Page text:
Hi steeleyma, Once again it is the scientific experts who have introduced
this to the government who in turn make it law.
I have seen children kneeling on the back seat of cars waving out the
back window to other motorists.
The Kids don't know any better although the driver should have.
The new introductions may well be confusing as the LAW is set out
to deal with this issue but on the whole it is more of a safety
awareness warning and the possible consequences for that would
follow if there is an accident and ALL our children were not better
Much like you I was always lead to believe that children were
safer underneath the window level so we are all learning what
is best and the sales of car seats have rocketed.
Here is a useful link on the topic:
Countdown to new child car seat laws...
With just under a week to go until the new child car seat laws come
into force parents are being urged to make sure that they are familiar
with the changes. The changes are expected to save up to 2000 child casualties per year.
The new law comes into force on Monday 18 September and will
require drivers to ensure that all children under 135cms (4' 5") or age
12, whichever they reach first, use an appropriate car restraint when travelling in their vehicle.
Road Safety Minister Stephen Ladyman said:
"I would urge all parents to check that they are using appropriate
child seats or booster seats. Using the right seat for the size of the
child will give parents peace of mind and help to ensure that children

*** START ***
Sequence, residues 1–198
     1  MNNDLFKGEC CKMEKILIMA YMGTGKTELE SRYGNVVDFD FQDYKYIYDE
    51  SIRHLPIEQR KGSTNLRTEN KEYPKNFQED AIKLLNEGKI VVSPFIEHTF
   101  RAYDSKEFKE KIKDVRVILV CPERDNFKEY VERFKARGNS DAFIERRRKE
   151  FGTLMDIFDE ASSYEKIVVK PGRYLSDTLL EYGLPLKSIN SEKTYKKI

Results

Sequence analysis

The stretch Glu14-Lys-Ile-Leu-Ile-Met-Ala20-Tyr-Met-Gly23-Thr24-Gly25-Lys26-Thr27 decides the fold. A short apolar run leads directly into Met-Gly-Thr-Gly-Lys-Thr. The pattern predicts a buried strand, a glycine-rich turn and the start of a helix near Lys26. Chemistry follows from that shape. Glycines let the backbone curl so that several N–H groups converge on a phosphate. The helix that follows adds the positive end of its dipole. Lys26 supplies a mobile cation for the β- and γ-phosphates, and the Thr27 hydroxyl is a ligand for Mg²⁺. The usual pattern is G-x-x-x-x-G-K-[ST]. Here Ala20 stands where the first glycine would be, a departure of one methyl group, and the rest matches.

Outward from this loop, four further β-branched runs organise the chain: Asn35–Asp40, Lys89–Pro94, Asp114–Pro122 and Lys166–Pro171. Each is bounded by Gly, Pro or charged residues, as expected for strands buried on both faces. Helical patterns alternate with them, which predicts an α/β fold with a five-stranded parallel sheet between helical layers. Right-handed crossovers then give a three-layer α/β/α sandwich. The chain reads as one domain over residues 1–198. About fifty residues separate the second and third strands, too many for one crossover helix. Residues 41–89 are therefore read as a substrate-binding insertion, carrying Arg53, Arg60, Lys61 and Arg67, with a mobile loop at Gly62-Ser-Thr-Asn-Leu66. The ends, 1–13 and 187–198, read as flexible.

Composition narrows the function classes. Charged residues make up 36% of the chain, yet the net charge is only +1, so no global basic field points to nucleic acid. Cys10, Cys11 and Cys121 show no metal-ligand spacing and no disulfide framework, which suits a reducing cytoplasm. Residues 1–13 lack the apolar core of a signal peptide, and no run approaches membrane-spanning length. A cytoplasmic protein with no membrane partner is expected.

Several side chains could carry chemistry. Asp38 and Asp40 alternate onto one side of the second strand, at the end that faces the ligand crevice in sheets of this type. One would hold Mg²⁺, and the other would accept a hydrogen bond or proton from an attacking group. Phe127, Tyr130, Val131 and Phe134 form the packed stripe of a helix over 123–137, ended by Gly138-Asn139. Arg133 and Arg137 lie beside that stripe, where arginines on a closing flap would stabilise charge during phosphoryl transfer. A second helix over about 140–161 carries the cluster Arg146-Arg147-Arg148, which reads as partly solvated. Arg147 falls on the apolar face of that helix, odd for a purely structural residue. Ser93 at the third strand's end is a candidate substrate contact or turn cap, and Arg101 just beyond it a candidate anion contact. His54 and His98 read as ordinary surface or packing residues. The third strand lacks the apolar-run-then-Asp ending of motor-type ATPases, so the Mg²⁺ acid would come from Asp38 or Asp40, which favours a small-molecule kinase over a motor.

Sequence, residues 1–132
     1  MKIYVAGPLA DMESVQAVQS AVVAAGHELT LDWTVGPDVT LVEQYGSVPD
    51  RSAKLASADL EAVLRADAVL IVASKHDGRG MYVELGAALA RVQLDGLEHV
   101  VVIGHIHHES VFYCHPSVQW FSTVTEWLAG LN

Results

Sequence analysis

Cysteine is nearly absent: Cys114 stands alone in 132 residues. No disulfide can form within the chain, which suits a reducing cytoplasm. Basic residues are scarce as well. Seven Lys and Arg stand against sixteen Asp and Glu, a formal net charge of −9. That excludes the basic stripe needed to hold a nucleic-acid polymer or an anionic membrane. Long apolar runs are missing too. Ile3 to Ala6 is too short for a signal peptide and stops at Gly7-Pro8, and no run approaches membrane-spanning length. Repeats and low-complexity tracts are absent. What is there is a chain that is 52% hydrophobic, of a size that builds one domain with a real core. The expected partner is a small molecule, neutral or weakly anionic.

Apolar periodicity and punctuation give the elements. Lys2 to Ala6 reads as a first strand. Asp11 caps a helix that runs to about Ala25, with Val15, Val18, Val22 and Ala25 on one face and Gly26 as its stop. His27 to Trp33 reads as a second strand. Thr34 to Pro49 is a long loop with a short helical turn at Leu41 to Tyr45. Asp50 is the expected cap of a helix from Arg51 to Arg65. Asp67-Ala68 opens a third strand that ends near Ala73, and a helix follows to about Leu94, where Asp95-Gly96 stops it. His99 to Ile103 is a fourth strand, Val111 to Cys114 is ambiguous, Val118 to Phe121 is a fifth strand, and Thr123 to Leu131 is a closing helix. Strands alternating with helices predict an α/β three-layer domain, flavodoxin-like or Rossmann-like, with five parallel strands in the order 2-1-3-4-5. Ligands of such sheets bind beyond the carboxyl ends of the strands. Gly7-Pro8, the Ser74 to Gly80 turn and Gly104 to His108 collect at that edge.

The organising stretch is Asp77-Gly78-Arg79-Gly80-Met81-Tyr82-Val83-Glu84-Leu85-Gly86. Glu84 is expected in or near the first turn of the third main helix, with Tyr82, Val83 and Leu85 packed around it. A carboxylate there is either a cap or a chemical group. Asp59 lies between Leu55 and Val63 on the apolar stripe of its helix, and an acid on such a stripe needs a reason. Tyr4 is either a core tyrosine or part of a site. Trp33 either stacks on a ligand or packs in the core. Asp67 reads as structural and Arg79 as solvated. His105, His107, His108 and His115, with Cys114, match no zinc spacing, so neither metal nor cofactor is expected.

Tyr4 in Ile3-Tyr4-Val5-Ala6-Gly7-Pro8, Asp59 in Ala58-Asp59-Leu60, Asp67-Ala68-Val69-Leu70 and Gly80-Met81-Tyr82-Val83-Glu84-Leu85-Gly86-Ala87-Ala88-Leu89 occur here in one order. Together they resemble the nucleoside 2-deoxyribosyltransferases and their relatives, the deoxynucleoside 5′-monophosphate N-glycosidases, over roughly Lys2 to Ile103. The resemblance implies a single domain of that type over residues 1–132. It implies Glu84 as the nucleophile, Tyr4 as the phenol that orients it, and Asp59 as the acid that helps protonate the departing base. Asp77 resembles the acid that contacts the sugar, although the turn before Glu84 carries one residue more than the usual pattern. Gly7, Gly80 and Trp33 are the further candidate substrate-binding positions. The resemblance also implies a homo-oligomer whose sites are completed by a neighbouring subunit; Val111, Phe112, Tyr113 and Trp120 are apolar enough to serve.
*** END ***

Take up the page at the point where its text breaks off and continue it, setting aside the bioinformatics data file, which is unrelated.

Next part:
are as safe as possible in the vehicle at all times.
"Most people do use some kind of child restraint but it is very important
to use the right one for the size of the child and to take the time to fit
it properly; and not to use an adult belt before the child is big enough."
Parents can get expert child car seat safety advice from in store experts
at a number of retailers. Halfords, Mothercare and Toys R Us, and other stores have been supporting the DfT's THINK! road safety campaign and
the change in the law by providing special offers on car seats and
booster seats from July to September 2006.
Parents unsure whether their children must use a child restraint
should consider the following:
* Check the height of your child. Children up to 135cm in height
(and under 12 years old), need to use a child seat, booster seat or
booster cushion suitable for their weight.
* Before you buy or use any child restraint, check the label to make
sure it is suitable for the child's weight.
* Check that any restraint is securely fitted. If your child travels in
more than one vehicle, check the car seat or restraint fits each car
so it can be moved between them each time they travel.
* Get expert advice. Many retailers have trained in-store experts who
can advise on the best kind of car seat for a child and can demonstrate
how to fit it.
For more information, parents can visit http://www.thinkroadsafety.gov.uk
or call our helpline for a leaflet 0800 32 72 52.
NOTES TO EDITORS
1. Research was conducted by market information group, TNS amongst
3989 adults during May 2005.
2. A child restraint is a collective term for car seats, high backed
booster seats and booster cushions
3. 135 cm is approximately 4ft 5ins.
4. The updated regulations will implement European Directive
2003/20/EC (which updates Directive 91/671/EEC).
5. For more information on the change in child car restraint legislation,
please visit http://www.thinkroadsafety.gov.uk/campaigns/childcarseats
6. or call Freephone 08000 32 72 52 for a leaflet.
7. Penalties for offenders remain at a £30 fixed penalty notice or a maximum fine of £500 if a case goes to court.
Public Enquiries: 020 7944 8300
Department for Transport Website: http://www.dft.gov.uk